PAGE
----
Learn how research can systemically change the existing care delivery process and treatment protocol to help people wich chronic illness at this IE Decision Systems Engineering Fall Seminar hosted by Giulia Pedrielli.
Process reengineering and optimization for treating the uninsured and chronically ill
Presented by Sila Çetinkaya Chair and Professor of EMIS in the SMU Lyle School of Engineering
Friday, December 6, 2019
Brickyard Artisan Court (BYAC) 150, Tempe campus [map]
Uninsured patients suffering from chronic diseases may have access to medical treatment under federal law, EMTALA, only after being evaluated as in ‘emergent, life-threatening condition’ in the emergency room (ER). These patients seek regular treatment at the ER of county hospitals throughout the nation. In the case of End Stage Renal Disease (ESRD), the uninsured patients needing regular dialysis receive the treatment conditional on a screening assessment in the ER. Unfortunately, depending on the outcome of screening assessment, some of these patients do not qualify for immediate care delivery, and hence, are rejected service under the existing treatment protocol. This practice is known as “compassionate dialysis”, and it is aimed at relieving overcrowding in the dialysis unit of county hospitals. However, due to the chronic nature of ESRD, all rejected (and treated) patients eventually return to ER for their recurring dialysis needs. Hence, the screening assessment itself may lead to (i) severe congestion in the ER and (ii) significant treatment delays for patients. In this talk, we present a broad research agenda developed in collaboration with Parkland Memorial Hospital and UT Southwestern Medical Center and aimed at reengineering the compassionate dialysis process by proposing systemic changes to the existing care delivery process and treatment protocol. To this end, we model the underlying process as a queueing network, and we propose new (i) queuing-theoretic and (ii) simulation-optimization models contributing to the literature on stochastic modeling and informing the practice and policy for healthcare delivery.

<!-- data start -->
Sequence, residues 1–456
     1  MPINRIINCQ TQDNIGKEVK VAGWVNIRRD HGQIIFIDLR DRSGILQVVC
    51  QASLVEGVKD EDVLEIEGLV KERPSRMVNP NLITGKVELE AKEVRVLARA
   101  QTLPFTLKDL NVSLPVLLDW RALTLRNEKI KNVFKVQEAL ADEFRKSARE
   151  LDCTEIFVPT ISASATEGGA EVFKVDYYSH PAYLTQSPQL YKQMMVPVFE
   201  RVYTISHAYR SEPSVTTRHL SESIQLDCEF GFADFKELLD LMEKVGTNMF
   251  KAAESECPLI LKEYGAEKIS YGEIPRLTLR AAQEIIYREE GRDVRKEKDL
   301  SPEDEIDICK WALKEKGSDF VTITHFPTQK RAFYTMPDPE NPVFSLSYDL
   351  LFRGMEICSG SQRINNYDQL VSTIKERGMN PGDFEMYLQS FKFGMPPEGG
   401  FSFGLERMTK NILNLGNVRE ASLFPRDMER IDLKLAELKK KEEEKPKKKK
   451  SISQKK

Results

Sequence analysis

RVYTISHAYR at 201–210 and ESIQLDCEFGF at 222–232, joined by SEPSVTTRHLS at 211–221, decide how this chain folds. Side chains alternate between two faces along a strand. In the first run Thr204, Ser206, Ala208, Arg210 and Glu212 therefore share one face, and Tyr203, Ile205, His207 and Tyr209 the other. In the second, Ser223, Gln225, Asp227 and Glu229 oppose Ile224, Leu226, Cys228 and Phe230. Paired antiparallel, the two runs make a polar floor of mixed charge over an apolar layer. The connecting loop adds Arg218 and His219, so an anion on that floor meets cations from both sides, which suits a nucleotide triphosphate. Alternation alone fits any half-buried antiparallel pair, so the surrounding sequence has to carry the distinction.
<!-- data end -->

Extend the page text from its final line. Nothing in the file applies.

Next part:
About the speaker
Sila Çetinkaya is Chair and Professor of EMIS in the SMU Lyle School of Engineering. She holds courtesy appointments with ITOM in the SMU Cox School of Business and with Internal Medicine in the UT Southwestern Medical Center. She joined SMU in 2014 from TAMU—after 17 years of service—where she was Professor of Industrial and Systems Engineering (ISE). Çetinkaya’s research interests include supply chain and healthcare operations, stochastic optimal control theory, and applied probability. Her publications appeared in the most reputable outlets of industrial engineering and operations research including Operations Research, Management Science, Production and Operations Management, IISE Transactions, Interfaces, and Naval Research Logistics, among many others. Her research and teaching activities have been funded by multiple government and industry grants. Her early career accomplishments were recognized by NSF CAREER Award in 2001, IISE Outstanding Young Industrial Engineer Award in 2003, and NAE Frontiers of Engineering Alumni in 2005. Çetinkaya was named IISE Fellow in 2012 for professional leadership and outstanding contributions to industrial engineering.